Ritz Brothers

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The family name was Joachim, their parents immigrants from Austria-Hungary and Poland. All were born in Newark, New Jersey, USA: Al (b. 27 August 1901, d. 22 December 1965, New Orleans, Louisiana, USA),…
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The family name was Joachim, their parents immigrants from Austria-Hungary and Poland. All were born in Newark, New Jersey, USA: Al (b. 27 August 1901, d. 22 December 1965, New Orleans, Louisiana, USA), Jimmy (b. 5 October 1904, d. 17 November 1985, Los Angeles, California, USA), Harry (b. 22 May 1907, d. 29 March 1986, San Diego, California, USA). Teamed as a dance and comedy act in 1925 with another brother, George, as manager, they became popular appearing on Broadway in Earl Carroll’s Florida Girl (1925), then toured the Shubert Brothers’ circuit. Their theme song was ‘Collegiate’ and they also sang ‘The Man In The Middle Is The Funny One’ (that was Harry). They also appeared in early 30s editions of the Earl Carroll Vanities. After making a film short, Hotel Anchovy (1934), they made several feature films for 20th Century-Fox; the company hoped they would compete with the Marx Brothers. Their films included Sing, Baby, Sing (1936, singing ‘The Music Goes Round And Round’), One In A Million (starring Sonja Henie and in which the brothers sang ‘Horror Boys Of Hollywood’, ‘Chloe’, ‘I Wish I Was In Dixie’s Land’, ‘Old Folks At Home’, ‘My Old Kentucky Home’ and ‘Toreador Song’), On The Avenue (singing ‘I’ve Got My Love To Keep Me Warm’ with Alice Faye and Dick Powell), You Can’t Have Everything and Life Begins In College (all 1937), The Goldwyn Follies (singing ‘Here, Pussy, Pussy’), Kentucky Moonshine and Straight Place And Show (all 1938), The Three Musketeers, The Gorilla and Pack Up Your Troubles (all 1939).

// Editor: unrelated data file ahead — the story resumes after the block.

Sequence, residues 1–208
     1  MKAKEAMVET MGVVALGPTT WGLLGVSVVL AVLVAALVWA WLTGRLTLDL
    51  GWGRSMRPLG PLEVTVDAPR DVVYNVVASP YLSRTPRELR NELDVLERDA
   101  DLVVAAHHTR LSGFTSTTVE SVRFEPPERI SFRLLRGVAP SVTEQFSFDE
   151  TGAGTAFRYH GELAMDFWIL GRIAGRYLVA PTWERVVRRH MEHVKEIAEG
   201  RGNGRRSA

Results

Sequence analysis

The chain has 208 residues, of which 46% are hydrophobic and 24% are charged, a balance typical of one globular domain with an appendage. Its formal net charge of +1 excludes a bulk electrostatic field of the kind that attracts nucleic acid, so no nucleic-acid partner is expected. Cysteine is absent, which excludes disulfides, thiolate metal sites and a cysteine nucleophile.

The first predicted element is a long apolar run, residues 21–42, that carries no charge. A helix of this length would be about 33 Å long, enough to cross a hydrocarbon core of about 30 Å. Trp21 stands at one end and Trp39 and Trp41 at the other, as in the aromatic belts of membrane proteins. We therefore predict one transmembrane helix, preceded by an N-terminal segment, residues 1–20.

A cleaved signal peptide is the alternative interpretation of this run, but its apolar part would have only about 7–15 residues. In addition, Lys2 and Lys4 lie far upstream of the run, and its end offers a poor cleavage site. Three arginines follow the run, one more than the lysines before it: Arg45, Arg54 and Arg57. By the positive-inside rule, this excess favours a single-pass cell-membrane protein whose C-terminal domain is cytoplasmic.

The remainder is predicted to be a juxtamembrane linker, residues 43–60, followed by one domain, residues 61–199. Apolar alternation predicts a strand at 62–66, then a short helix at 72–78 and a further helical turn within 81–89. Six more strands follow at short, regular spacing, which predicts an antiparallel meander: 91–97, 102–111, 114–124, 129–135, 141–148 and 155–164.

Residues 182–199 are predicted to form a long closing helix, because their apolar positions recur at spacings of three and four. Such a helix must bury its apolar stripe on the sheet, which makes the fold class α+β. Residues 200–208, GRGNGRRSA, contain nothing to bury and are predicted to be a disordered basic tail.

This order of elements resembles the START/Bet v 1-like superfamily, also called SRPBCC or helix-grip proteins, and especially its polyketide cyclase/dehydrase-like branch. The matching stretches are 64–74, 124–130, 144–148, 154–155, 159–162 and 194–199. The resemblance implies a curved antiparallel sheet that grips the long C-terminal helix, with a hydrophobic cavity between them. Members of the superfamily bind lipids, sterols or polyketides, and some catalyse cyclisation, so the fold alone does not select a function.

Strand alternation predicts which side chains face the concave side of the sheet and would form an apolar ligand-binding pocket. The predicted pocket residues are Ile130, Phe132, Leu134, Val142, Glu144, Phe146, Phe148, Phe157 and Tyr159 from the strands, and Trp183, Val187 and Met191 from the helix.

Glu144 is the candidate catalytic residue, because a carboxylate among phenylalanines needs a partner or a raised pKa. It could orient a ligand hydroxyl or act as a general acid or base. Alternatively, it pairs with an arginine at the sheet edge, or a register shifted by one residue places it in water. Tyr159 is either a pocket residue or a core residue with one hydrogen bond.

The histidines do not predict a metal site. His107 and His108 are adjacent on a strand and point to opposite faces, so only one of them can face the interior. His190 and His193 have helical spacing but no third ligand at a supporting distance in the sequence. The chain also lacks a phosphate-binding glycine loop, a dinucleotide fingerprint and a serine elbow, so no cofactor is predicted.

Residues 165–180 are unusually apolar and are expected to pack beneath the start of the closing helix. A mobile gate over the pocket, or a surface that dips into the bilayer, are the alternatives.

Although their zany routines and musical numbers were often effective, the Ritz Brothers’ success was limited and they moved to Universal Studios, making Argentine Nights (1940), Behind The Eight Ball (1942), Hi’ya, Chum and Never A Dull Moment (both 1943). This was the end of the trio’s film career and they returned to the stage and were on the road until Al’s death. They made few television appearances; Harry outspokenly doubted the suitability of the medium for an act like theirs. Jimmy and Harry appeared in Blazing Stewardesses (1975) and Won Ton Ton, The Dog Who Saved Hollywood (1976), and Harry alone appeared in Mel Brooks’ Silent Movie (1975). Brooks has expressed his admiration for Harry’s work, declaring him to have been an important influence upon his own career. Other entertainers the Ritz Brothers influenced are Sid Caesar, Danny Kaye and Jerry Lewis.